(please read the First, Second and Third Part of the Case Study, and then continue with this part) – you ‘knew’ of the incident and you have a fear that ‘perpetrator’ may escape the school premises, or you ‘knew’ of the incident, but you do not know of the ‘perpetrator’, but ‘perpetrator’ may be inside the school’s premises.

Discussion –

Under Section 43 of The Code of Criminal Procedure, 1973, you may arrest the ‘perpetrator’.

If such situation demands, you may also immediately do an ‘entire entry and exit seal’ of the school’s premises. You may also put the ‘perpetrator’ in an isolated room and lock it.

Section 43 of The Code of Criminal Procedure, 1973 states –

Arrest by private person and procedure on such arrest –

(1) Any private person may arrest or cause to be arrested any person who in his presence commits a non-bailable and cognizable offence, or any proclaimed offender, and, without unnecessary delay, shall make over or cause to be made over any person so arrested to a police officer, or, in the absence of a police officer, take such person or cause him to be taken in custody to the nearest police station.

So, you may arrest the ‘perpetrator’.

Fifth Part of the Case Study is –

(please read the First, Second, Third and Fourth Part of the Case Study, and then continue with this part) – You ‘know’ of the incident and your seniors / chairman directs you to be ‘keep quiet’ about it or ‘hush up’ the matter.

Discussion –

You are not ‘allowed by law’ to stop yourself from ‘doing’ what has been discussed above.

You might also go under ‘abetment’, ‘concealment’, ‘destruction of evidence’ and be liable under several other provisions. As a citizen, we are required to do ‘what law requires us to do’

So, under any condition, you cannot ‘not report’ the matter. You have to report the matter immediately.

Sixth Part of the Case Study is –

(please read the First, Second, Third, Fourth and Fifth Part of the Case Study, and then continue with this part) – ‘Incident’ has been reported to police officer, investigation is under process, my Chairman / senior / boss wants me to desist from such process .

Discussion –

Police officer will call you under Section 160 of The Code of Criminal Procedure, 1973. And, under Section 161 of The Code of Criminal Procedure, 1973, police officer will examine you.

Section 160 (1) of The Code of Criminal Procedure, 1973 states –

Police officer’s power to require attendance of witnesses – (1) Any police officer making an investigation under this Chapter may, by order in writing, require the attendance before himself of any person bing within the limits of his own or any adjoining station who, from the information given or otherwise, appears to be acquainted with the facts and circumstances of the case; and such person shall attend as so required:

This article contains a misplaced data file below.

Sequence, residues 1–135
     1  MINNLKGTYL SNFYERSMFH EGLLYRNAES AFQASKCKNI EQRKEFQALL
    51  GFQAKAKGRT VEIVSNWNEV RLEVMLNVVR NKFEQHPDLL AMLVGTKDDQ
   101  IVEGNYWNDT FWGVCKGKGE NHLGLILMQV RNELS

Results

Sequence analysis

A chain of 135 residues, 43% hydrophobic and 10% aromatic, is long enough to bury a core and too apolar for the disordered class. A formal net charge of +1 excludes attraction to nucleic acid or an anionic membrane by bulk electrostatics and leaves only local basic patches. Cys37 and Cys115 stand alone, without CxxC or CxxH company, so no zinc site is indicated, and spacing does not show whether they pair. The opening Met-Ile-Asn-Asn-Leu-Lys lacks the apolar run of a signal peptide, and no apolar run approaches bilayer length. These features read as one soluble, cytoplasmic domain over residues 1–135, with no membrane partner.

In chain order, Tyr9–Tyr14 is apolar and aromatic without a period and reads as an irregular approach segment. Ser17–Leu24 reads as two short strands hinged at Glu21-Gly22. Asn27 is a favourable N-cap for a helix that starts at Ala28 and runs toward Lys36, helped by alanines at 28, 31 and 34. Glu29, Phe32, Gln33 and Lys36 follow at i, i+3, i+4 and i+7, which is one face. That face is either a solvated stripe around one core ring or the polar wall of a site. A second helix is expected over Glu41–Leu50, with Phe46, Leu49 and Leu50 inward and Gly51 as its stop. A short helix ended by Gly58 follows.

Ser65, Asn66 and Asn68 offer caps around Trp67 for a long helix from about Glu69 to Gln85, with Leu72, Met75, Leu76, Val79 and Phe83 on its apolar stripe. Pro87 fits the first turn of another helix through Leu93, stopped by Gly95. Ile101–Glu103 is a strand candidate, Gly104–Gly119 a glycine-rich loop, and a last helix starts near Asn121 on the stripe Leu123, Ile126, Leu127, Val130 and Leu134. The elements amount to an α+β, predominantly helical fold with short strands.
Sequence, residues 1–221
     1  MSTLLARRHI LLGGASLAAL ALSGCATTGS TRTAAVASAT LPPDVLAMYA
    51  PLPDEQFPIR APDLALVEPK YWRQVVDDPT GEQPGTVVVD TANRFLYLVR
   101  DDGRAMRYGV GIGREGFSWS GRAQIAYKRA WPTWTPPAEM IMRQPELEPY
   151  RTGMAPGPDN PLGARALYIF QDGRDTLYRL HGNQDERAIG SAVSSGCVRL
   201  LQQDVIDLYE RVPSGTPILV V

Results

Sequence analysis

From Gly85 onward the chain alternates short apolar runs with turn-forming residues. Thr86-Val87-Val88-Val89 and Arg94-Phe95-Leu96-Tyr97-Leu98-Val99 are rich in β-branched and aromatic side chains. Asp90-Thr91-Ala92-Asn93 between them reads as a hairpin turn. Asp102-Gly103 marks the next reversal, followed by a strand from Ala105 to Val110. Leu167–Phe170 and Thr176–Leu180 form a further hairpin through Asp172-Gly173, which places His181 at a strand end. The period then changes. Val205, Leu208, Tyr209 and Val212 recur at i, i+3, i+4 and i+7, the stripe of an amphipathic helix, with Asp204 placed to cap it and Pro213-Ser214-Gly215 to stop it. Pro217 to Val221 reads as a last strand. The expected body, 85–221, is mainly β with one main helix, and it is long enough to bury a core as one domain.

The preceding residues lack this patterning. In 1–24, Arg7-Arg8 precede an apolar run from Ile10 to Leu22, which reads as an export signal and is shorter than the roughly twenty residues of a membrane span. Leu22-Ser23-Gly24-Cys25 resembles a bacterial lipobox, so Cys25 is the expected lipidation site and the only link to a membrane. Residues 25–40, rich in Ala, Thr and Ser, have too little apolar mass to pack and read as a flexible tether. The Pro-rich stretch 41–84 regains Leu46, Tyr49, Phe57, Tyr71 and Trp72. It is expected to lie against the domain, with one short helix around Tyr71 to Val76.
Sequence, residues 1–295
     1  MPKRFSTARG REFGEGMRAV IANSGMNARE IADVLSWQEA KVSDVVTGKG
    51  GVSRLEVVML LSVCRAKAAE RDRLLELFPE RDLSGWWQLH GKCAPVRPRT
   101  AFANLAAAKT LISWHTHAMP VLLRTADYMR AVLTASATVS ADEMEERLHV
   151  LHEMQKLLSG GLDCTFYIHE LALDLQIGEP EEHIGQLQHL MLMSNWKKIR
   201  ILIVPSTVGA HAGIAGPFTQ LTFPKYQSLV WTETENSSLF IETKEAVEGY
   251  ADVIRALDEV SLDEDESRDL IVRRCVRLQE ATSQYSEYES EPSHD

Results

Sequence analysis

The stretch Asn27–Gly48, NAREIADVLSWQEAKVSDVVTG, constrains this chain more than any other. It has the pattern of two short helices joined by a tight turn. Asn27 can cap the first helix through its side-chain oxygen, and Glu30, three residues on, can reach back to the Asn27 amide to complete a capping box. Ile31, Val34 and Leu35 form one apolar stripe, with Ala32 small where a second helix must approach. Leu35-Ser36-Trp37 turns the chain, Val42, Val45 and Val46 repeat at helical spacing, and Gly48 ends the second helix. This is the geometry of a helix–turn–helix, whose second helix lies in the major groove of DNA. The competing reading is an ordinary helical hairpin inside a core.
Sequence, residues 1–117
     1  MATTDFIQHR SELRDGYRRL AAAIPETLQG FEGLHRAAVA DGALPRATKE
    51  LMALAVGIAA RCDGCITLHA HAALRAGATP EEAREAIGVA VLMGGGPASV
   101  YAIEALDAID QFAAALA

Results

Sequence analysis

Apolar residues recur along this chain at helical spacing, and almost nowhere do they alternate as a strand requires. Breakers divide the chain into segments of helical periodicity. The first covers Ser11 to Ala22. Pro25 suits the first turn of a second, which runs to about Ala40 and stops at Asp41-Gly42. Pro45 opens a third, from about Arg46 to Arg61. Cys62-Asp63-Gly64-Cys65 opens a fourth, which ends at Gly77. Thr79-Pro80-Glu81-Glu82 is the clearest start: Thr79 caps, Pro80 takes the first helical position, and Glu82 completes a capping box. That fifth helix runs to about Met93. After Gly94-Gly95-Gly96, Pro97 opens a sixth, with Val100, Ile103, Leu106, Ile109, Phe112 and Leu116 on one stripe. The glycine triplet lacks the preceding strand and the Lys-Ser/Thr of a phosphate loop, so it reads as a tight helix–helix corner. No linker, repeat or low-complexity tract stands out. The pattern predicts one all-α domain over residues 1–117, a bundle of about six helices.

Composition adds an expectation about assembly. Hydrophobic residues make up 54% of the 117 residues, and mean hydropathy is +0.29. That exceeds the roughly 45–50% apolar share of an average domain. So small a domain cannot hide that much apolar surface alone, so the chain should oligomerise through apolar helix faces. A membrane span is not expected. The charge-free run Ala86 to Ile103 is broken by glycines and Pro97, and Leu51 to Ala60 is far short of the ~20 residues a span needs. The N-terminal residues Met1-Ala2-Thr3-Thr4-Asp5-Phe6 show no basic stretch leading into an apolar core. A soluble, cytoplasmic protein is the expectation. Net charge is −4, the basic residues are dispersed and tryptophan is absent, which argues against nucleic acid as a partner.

Provided that no male under the age of fifteen years or woman shall be required to attend at any place other than the male person or woman resides.

Section 161 (2) of The Code of Criminal Procedure, 1973 states –

Such person shall be bound to answer truly all questions relating to such case put to him by such officer, other than questions the answers to which would have a tendency to expose him to a criminal charge or to a penalty or forfeiture.

So, you have to assist the police officer.

Seventh Part of the Case Study is –

(please read the First, Second, Third, Fourth, Fifth and Sixth Part of the Case Study, and then continue with this part) – ‘Incident’ has been reported to police officer, investigation is under process, my Chairman / senior / boss wants me to desist from such process, I do not have a proper reply for them.

Discussion –

Repercussions of being on the wrong side are harsh and severe in this case. When the police officer is in your school campus or at your residence as per Section 160 (1) of The Code of Criminal Procedure, 1973, you shall extend all help and assistance required by the police officer.

If you fail to do so, you attract punishment.

See what Section 187 of The Indian Penal Code (45 of 1860) states –

Omission to assist public servant when bound by law to give assistance. –

Whoever, being bound by law to render or furnish assistance to any public servant in the execution of his public duty, intentionally omits to give such assistance, shall be punished with simple imprisonment for a term which may extend to one month, or with fine which may extend to two hundred rupees, or with both; and if such assistance be demanded of him by a public servant legally competent to make such demand for the purposes of executing any process lawfully issued by a Court of Justice, or of preventing the commission of an offence, or suppressing a riot, or affray, or of apprehending a person charged with or guilty of an offence, or of having escaped from lawful custody, shall be punished with simple imprisonment for a term which may extend to six months, or with fine which may extend to five hundred rupees, or with both.

So, ‘ not assisting police officer’ can be a very problematic situation for you.

“Lady with covered eyes” … watching us.

Summary of the Article –

Your Preschool’s or School’s Teaching Staff, Non-Teaching Staff, Casual Worker, Contractual Worker or even Outsider (who is on visit to your campus) is accused of Child’s Physical, Mental or Sexual abuse. Now, what does the ‘Law’ requires you to do?

  • If “you came to know”, you shall immediately report it to your nearest ‘police station incharge’.
  • If “you have the victim”, do not do anything which may interfere with the process of law or destroy the evidence. Call the parents and Medical officer simultaneously and immediately.
  • If “you have the victim”, none can refuse medical care. (medical institution / medical officer just need to inform police officer).
  • You may arrest the ‘perpetrator’.
  • Even if your seniors / colleagues pressurizes you about ‘not reporting’ the matter, you have to report the matter immediately.
  • You have to assist the police officer.
  • ‘Not assisting police officer’ can be a very problematic situation for you.